Roth 401(k) Plan

The Roth 401(k) plan is a combination of Roth IRAs and the traditional 401(k) plan. Commonly known as Roth 401(k) the plan also differs in some respect from the originals. The employer can offer the Roth 401(k) as well as the traditional plan 401(k) and the employee can contribute to both the plans but the total combined contributions to both plans are limited and should not exceed the limits set by the Internal Revenue Service for individual plans. For 2006 the limit set by the IRS is $ 15000 ($ 20,000 in case the employee is 50 years or older). However once you have decided to take part in both plans the decision will have to be final because you will not be able to switch money from one plan to another. But you have the option of choosing the amount that you want to contribute to each of your accounts. The Roth 401(k) provides you the roll over option to Roth IRA in case you move to another organisation. 


The employer is also entitled to provide a matching contribution to the Roth 401(k) plan and in case he does then two accounts have to be set up. One will contain the employee’s contribution which is deposited after deducting the relevant tax. The withdrawals from this account will be tax free. The second account will be the employer’s account where the deposit is made without any tax deduction. The withdrawals from this account are liable for tax deduction. These include the growth of investment over the period of time.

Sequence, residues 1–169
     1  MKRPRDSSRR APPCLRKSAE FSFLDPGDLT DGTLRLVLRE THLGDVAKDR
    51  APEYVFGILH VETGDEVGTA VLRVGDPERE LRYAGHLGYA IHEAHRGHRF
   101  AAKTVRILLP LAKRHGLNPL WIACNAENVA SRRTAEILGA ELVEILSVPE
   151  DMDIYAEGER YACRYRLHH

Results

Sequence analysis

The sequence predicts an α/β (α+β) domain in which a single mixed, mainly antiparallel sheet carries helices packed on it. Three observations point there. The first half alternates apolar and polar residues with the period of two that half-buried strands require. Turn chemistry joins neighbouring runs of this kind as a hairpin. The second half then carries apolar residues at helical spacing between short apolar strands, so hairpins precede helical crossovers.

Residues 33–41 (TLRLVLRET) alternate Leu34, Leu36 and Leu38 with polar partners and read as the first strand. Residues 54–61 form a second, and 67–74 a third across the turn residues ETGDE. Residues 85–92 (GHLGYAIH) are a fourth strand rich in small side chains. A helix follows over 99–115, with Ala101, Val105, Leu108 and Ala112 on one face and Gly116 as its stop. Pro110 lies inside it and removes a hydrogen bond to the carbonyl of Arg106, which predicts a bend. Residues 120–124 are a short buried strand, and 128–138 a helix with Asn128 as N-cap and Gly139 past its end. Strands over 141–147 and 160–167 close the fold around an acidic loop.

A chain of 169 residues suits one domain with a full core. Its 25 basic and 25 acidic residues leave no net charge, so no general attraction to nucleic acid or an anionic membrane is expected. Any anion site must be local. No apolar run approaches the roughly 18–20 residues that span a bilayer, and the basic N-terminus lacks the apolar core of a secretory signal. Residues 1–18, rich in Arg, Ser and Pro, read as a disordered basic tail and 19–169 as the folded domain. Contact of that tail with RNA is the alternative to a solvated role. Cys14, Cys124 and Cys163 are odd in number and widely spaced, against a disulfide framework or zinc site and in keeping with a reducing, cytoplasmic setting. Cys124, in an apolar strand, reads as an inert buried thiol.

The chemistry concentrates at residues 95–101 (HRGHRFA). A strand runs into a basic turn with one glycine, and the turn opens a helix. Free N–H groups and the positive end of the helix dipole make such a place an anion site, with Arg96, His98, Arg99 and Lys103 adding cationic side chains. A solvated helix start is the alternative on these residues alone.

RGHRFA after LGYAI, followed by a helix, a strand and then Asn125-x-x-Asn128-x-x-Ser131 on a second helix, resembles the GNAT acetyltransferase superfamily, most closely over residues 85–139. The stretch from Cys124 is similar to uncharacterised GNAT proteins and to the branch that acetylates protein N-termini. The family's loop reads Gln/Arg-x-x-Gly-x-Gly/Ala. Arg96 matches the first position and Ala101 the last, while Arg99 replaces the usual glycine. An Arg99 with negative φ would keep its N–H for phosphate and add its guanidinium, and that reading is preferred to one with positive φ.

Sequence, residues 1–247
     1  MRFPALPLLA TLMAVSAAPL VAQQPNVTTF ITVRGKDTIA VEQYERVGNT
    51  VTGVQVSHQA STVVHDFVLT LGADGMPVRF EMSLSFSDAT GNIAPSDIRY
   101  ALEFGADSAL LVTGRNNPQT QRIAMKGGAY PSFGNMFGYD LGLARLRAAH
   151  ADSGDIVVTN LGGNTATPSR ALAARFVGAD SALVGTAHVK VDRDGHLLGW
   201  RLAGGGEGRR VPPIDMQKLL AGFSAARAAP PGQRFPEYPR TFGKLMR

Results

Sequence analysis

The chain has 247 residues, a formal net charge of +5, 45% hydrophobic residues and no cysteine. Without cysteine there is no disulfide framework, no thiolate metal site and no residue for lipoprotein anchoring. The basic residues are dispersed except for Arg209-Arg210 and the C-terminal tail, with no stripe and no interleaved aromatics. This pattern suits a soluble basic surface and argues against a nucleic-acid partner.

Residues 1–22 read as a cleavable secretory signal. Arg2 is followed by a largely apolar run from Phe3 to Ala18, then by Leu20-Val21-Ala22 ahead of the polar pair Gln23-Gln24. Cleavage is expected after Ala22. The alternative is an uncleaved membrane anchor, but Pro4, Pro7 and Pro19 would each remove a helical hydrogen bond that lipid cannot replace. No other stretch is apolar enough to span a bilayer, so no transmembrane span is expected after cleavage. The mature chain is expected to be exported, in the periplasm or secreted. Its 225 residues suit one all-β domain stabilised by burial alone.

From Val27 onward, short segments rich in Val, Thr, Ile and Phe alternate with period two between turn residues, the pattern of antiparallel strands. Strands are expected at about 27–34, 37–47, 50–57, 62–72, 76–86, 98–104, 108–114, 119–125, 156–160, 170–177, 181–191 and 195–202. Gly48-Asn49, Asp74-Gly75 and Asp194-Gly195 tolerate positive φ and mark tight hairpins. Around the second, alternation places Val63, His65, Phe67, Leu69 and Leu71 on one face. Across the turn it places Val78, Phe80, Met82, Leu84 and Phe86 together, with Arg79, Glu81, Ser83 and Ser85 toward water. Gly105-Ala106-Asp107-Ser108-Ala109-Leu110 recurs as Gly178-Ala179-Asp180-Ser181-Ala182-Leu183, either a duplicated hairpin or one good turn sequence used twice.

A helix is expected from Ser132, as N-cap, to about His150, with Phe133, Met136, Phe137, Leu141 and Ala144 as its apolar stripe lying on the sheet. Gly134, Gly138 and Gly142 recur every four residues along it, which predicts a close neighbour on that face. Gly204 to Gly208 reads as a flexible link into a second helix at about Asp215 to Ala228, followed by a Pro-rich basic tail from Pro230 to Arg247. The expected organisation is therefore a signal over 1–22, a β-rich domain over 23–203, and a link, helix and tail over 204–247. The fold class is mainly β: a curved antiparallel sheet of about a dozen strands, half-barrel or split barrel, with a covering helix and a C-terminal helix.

The some of the differences between the two plans Roth (k) and traditional 401(k) are: – a) the contributions by the employees to Roth 401(k), are made after deducting the taxes while in the traditional 401(k) plan the contributions are made pre-tax deductions   b) there is no further tax on the investment growth while growth in traditional 401 (k) plan is taxed only after withdrawal   c) the withdrawals of contributions and growth are tax free provided the account is held for at least 5 years and you are 59 1/2 years or older whereas in the traditional 401 (k) plan taxes are deducted by Federal and most State authorities on  withdrawals and investment growth.


You can make contributions to both Roth 401 (k) and the traditional pre-tax 401 (k) accounts in the same year but within the prescribed limits stated above. The catch-up contributions permitted in the Roth accounts for 50 years or older persons are also allowed in Roth 401 (k) plan.  


In case reporting or record keeping, you are not obliged to either report or keep a record as far as designated Roth contributions are concerned. However, if you are rolling over your account from Roth 401(k) to Roth IRA you are required to keep track of the account as per the instructions on form 8606.

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